White House allows Ukrainian nationals to stay in the U.S. without fear of deportation
Ukrainians Mykola Hordiichuk and Elina Shutova, both students at the University of Kansas, join Kansas legislators in pressing for a broad international response to Russia’s invasion of Ukraine (Sherman Smith/Kansas Reflector/States Newsroom).
WASHINGTON — The U.S. Department of Homeland Security is granting Temporary Protected Status that will shield Ukrainian nationals living in the United States from deportation, following pressure from members of Congress.
“Russia’s premeditated and unprovoked attack on Ukraine has resulted in an ongoing war, senseless violence, and Ukrainians forced to seek refuge in other countries,” DHS Secretary Alejandro Mayorkas said in a statement. “In these extraordinary times, we will continue to offer our support and protection to Ukrainian nationals in the United States.”
Ukrainians living in the U.S. as of March 1 of this year will be eligible for TPS designation of up to 18 months; it will not apply to Ukrainians arriving after March 1. The designation will allow those in the program to be protected from deportation, as well as apply for work permits.
The Center for Migration Studies in New York estimates that there are about 28,000 Ukrainians in the U.S. that would benefit from the program.
Some states with the highest populations of Ukrainians without permanent status include Illinois, Michigan, Pennsylvania, Florida and New Jersey.
TPS does not grant permanent U.S. status and only applies to those already in the country, not those who are fleeing. One million people have left Ukraine, according to the United Nations Refugee Agency.
U.S. House lawmakers are also pushing the Biden administration to immediately designate Student Special Relief for Ukrainians.
A letter, led by Rep. Jimmy Gomez, a California Democrat, and signed by 98 members urged the president to extend both TPS and the student program for 18 months because “given the already unmet humanitarian need in the country and the effects of the armed conflict with Russia, the Ukrainian government is in no state to receive TPS and SSR eligible Ukrainians.”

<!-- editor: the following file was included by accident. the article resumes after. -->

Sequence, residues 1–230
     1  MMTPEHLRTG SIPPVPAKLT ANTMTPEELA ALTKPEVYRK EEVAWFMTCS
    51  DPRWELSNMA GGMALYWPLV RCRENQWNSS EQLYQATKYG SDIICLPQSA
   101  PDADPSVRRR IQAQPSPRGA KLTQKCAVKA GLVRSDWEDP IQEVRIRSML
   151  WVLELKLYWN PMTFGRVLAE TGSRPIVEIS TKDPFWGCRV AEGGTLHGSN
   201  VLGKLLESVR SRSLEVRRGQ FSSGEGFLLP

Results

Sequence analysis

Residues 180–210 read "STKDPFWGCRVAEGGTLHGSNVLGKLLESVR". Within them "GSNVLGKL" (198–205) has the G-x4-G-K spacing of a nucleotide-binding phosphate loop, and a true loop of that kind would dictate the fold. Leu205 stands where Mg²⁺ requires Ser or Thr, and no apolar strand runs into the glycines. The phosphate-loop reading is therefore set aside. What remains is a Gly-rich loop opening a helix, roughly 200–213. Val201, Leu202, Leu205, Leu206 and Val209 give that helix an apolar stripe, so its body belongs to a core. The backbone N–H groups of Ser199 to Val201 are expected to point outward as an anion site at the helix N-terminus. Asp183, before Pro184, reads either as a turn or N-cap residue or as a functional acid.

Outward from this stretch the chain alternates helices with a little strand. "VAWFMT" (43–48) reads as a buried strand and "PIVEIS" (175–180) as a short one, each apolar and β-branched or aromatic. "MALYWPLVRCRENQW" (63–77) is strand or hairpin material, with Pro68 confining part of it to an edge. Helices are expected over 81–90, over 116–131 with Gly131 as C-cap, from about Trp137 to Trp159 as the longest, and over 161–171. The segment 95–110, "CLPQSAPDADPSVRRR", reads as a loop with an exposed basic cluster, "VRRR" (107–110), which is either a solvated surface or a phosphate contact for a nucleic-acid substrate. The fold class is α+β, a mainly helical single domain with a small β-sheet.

SSR would allow for the temporary suspension of certain requirements put in place by DHS for a foreign student studying in the U.S. “from parts of the world that are experiencing emergent circumstances.” Some of those requirements include “duration of status, full course of study and off-campus employment eligibility.”
Russia began its invasion into Ukraine on Feb. 24. Ukraine’s health ministry reported that at least 250 civilians have been killed in the attack.
Members of Congress praised the Biden administration for the TPS designation for Ukrainians.
Sen. Bob Menendez, a New Jersey Democrat and chair of the Senate Foreign Relations Committee, said in a statement that the TPS designation was the right thing to do “after a week of Vladimir Putin’s illegal and ruthless war against the people of Ukraine.”
“Temporary Protected Status was created by Congress for exactly this purpose — to protect people whose home countries have experienced armed conflict, an environmental disaster, or extraordinary conditions that prevent people from safely returning home,” he said.
The White House is also asking Congress to approve $10 billion in aid for Ukraine to help bolster soldiers in neighboring countries around Ukraine and to send military equipment to the country. The Biden administration has announced it would place sanctions on Russia’s President Vladimir Putin and the country as well.
Some legal groups agreed with the TPS designation, but criticized DHS for its backlog of TPS designation for Black-majority countries.
Lisa Parisio, the Director of Advocacy at the Catholic Legal Immigration Network, said in a statement that the Biden administration should also use TPS for “Ethiopia, Cameroon, Mauritania and other countries whose nationals face grave danger if they are forced to return.”
“The backlog of TPS designations for Black-majority countries here in the U.S. mirrors the anti-Blackness we’re seeing as African students and others in Ukraine are denied access to escape the conflict,” she said.
CLINIC, along with nearly 200 organizations, petitioned for the Biden administration to allow Ukrainians in the U.S. to use TPS.
In a letter to the White House, a bipartisan group of 42 senators advocated for the TPS designation, arguing that “it is obviously too dangerous for Ukrainian nationals to return to Ukraine due to the ongoing armed conflict.”
Senators who led the letter include Illinois Democrat Dick Durbin, chair of the Senate Judiciary Committee; Menendez; and Ohio Republican Rob Portman, top GOP member of the Senate Homeland Security and Governmental Affairs Committee.
“Forcing Ukrainian nationals to return to Ukraine in the midst of a war would be inconsistent with America’s values and our national security interests,” they wrote. “As a nation, we must do our part to protect the safety of Ukrainians in the United States by designating Ukraine for TPS.”
Other senators who signed the letter include Democrats Tim Kaine and Mark Warner of Virginia, Ron Wyden of Oregon, Ben Cardin and Chris Van Hollen of Maryland, Sherrod Brown of Ohio, Amy Klobuchar and Tina Smith of Minnesota, Jeanne Shaheen and Maggie Hassan of New Hampshire, Michael Bennett and John Hickenlooper of Colorado, Tammy Baldwin of Wisconsin, Cory Booker of New Jersey, Gary Peters and Debbie Stabenow of Michigan, Catherine Cortez Masto and Jacky Rosen of Nevada, Mark Kelly and Kyrsten Sinema of Arizona, Raphael Warnock of Georgia and Martin Heinrich of New Mexico.
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